Ph.D.: Tel Aviv University, Israel
Post-doctorate: Harvard University, USA
Position: Senior Lecturer
Department of Biotechnology Engineering
Faculty of Engineering Sciences
Development of agar sphere polymeric encapsulation technology platform
Microbial biotechnology, enhanced by genome studies, will lead to breakthroughs in a wide range of fields, including production of improved vaccines and better diseasediagnostic tools, development of new industrial catalysts and fermentation organisms, and preparation of new microbial agents for bioremediation of soil and water pollutants. As such, microbial genomics and biotechnology research will prove to be critical for advances in food safety, biotechnology, value-added products, human nutrition and functional foods, plant and animal protection, as well as furthering fundamental research in medical and agricultural sciences.
Presently, a novel platform technology for culturing previously “unculturable” microorganisms is being developed, using polymeric encapsulation of agar spheres. In practical terms, this approach involves a semi-permeable double polymeric layer coating an agar sphere, excluding microorganisms but allowing for free exchange of diffusible compounds. Inoculating such spheres with highly diluted microbial samples and then incubating them in a simulated environment, we have successfully retrieved novel microorganisms from different environments (e.g. marine and soil).
In addition, the laboratory is developing protocols designed for high-throughput screening of anti-microbial compounds produced in sub-inhibitory concentrations by microorganisms, including those grown in the capsules described above. This technique, developed with the cooperation of the Marks group of the NIBN, utilizes a bioluminescent bacterial reporter-gene system as a screening tool. Given the current demand for novel antibiotics, great promise lies in employing this novel screening method in the pharmaceutical industry. This technology holds a potential for industrialization following methodological perfection. The combination of these approaches opens new windows on the world of uncultured microorganisms.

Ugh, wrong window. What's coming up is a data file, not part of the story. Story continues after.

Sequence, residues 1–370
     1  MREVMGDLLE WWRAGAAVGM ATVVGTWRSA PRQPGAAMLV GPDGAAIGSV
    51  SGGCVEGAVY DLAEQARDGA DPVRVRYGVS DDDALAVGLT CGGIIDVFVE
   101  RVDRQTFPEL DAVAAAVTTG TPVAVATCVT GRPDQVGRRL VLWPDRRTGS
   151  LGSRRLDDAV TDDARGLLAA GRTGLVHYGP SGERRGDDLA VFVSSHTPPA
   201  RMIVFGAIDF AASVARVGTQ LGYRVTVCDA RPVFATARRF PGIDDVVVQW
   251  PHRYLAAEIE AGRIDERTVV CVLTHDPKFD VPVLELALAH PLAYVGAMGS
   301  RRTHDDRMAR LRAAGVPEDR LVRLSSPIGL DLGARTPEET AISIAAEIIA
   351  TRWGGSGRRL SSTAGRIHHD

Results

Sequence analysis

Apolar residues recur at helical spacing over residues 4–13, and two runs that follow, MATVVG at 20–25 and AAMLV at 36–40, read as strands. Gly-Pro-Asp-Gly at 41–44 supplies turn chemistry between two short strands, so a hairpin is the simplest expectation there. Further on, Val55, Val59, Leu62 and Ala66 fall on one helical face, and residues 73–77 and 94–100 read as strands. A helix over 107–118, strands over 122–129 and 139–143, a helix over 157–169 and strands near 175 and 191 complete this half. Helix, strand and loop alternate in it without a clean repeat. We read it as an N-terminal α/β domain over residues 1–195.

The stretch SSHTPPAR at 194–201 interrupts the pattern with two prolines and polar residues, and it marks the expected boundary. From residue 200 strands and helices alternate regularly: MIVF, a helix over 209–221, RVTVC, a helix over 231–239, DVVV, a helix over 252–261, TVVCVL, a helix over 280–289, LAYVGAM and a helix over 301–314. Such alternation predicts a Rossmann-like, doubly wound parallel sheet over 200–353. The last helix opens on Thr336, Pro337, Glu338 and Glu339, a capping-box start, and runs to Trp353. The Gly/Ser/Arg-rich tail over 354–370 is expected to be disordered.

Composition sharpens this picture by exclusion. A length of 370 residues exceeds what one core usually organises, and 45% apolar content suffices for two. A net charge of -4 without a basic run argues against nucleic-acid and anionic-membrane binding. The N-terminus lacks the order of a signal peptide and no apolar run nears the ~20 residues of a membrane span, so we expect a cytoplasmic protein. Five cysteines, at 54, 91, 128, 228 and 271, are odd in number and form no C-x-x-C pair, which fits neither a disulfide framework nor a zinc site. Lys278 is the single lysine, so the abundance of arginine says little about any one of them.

Another emerging and challenging field in microbial biotechnology and medical research concerns the formation of microbial biofilms. Ongoing projects in the laboratory consider a range of related topics, from how biofilms are formed to the nature of the signaling and communication cues within a biofilm and between a biofilm and its environment. Of particular interest is research being performed in collaboration with the Soroka University Medical Center addressing biofilm formation on filtration membranes and pathogenic biofilm components that develop in peritoneal dialysis patients.
Ben-dov E., Kramarsky-winter E. and Kushmaro A. (2009). An in situ method for cultivating microorganisms using a double encapsulation technique. FEMS Microbiology Ecology 68 (3):363-371.
Golberg K., Eltzov E., Shnit- Orland M., Marks R.S. and Kushmaro A. (2011). Characterization of Quorum Sensing Signals in Coral-Associated Bacteria. Microbial Ecology 61(4):783-792.
Eltzov E., Pennybaker S., Shnit-Orland M., Marks R.S. and Kushmaro A. (2012). Multi-resistance as a tool for detecting novel beta-lactam antibiotics in the environment. Sensors & Actuators: B. Chemical B 174:342-348.
Yin S. Goldovsky Y., Herzberg M., Liu L., Sun H., Zhang Y., Meng F., Cao X., Sun D.D., Chen H., Kushmaro A. and Chen X. (2013). Functional Free-stansding Graphene Honeycomb Films. Adv. Funct. Mater 23(23):2972-2978.
Goldberg K., Pavlov V., Marks R.S. and Kushmaro A. (2013). Coral-associated bacteria, quorum sensing disrupter and the regulation of biofouling. Biofouling 29(6):669-682.
Yaakobi K., Liebes-Peer Y., Kushmaro A. and Rapaport H. (2013). Designed amphiphilic β-sheet peptides as templates for paraoxon adsorption and detection. Langmuir 29(23):6840-6848.